Feeling adrift

I am Canadian. I’m not A Canadian or THE Canadian. I am Canadian, in the same way I am brown-eyed and right-handed.
I am Canadian.
I take great pride in this attribute; not in the sense that being Canadian makes me superior to any other, though it certainly makes me more fortunate than many. What is it about being Canadian that gives me an identity to stand tall in?
Certainly being Canadian is our sense of acting in a role of a peacekeeping nation, though that seems to have taken on a different tone as of late.
Being Canadian is our health-care system that strives to care for all Canadians evenly and swiftly, allowing us the confidence to seek out medical assistance without worry of the cost. The system isn’t perfect, but it is envied and copied.
Being Canadian is our sense of standing with our neighbours, who most likely will be of every colour and creed, and we belong together; fit nicely in beside one another.
Take the recent community support of a mosque in Alberta—a mosque targeted by a few desperately distraught and not thinking clearly individuals. And I was grateful for the sense of fair play and respect that these community members displayed while cleaning up some very disrespectful graffiti.
Being Canadian is our ability to handle violent madness and terrorism without giving the power and attention to those who try to strike us down.
Being Canadian is our not being Hollywood, but instead we are real and grateful and perhaps thankful to a fault, which can never really be a fault as faults go.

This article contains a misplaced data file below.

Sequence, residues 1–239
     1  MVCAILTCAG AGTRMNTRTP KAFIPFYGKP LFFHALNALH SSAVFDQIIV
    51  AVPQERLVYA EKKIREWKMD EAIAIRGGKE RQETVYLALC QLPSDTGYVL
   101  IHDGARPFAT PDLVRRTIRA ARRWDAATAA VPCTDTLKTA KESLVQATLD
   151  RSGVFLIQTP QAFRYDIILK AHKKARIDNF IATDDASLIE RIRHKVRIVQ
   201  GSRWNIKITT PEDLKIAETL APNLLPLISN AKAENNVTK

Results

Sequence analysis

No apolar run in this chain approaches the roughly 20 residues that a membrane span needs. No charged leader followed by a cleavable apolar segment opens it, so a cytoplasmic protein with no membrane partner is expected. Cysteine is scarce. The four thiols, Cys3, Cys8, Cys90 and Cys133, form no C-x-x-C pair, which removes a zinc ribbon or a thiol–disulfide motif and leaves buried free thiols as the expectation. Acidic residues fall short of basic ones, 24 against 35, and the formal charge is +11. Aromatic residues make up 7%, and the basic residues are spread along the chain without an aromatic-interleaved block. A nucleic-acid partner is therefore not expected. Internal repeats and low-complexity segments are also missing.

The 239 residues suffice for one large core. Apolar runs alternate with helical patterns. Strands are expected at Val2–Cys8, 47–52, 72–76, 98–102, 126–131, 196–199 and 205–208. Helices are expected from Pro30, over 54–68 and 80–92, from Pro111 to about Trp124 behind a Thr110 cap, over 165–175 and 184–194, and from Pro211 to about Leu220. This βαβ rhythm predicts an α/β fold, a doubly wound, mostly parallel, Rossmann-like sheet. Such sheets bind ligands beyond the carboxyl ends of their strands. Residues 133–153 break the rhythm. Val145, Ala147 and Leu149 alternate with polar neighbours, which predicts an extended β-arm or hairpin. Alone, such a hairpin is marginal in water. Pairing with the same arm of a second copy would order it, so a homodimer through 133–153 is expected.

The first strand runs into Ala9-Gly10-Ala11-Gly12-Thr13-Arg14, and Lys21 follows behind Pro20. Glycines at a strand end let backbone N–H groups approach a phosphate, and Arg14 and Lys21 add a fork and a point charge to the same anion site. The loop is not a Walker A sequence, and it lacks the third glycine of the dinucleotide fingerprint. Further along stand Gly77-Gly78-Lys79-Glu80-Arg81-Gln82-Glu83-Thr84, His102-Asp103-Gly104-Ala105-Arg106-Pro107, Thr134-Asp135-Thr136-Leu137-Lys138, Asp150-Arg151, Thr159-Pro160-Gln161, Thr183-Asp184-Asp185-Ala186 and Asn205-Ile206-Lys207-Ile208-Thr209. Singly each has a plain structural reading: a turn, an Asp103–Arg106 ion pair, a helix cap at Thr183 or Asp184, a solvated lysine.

We don’t always get it right, no community does. No society is without flaws and errors in judgment, but we care about getting it right.
As a Canadian, I can wear just about any uniform and belong. But the uniform I love to wear, perhaps used to love to wear, was my beloved CBC Radio. It has been CBC Radio that I’ve held up as my flag of being Canadian, taking great pride in the institution of it; of its example of inclusion and fair play.
I learn something every single time I tune in to CBC Radio while it shines the light in happy celebration and in the dark, hard-to-see corners. I felt proud and I fluffed up my feathers when I listened, and I felt a connection to all I have yet to learn as I tromp down this path of getting older.
I claimed CBC as my own; have claimed it as my own since I was very young.
CBC Radio was Peter Gzowski and Barbara Frum, and Kevin Sylvester, Bill Richardson, and Anna Maria Tremonti, and the countless voices that came into our homes and cars and offices—voices that we trusted and leaned on, and voices we came to consider friends though we had never met.
And for me, CBC Radio has been Jian Ghomeshi, whose voice I trusted, whose skill as an interviewer made me proud, whose intelligence and enthusiasm for getting to the heart of what matters, and whose commitment to being Canadian, earned my trust and faith.
Now I feel a bit lost—a bit adrift on the global sea—without my Canadian anchor, having had it cut from its rope. And I am reminded that having heroes is a tricky business, though sometimes we can’t help ourselves in our search to lift ourselves up.
Can there be any explanation that would make sense? Is there a way to recapture the magic?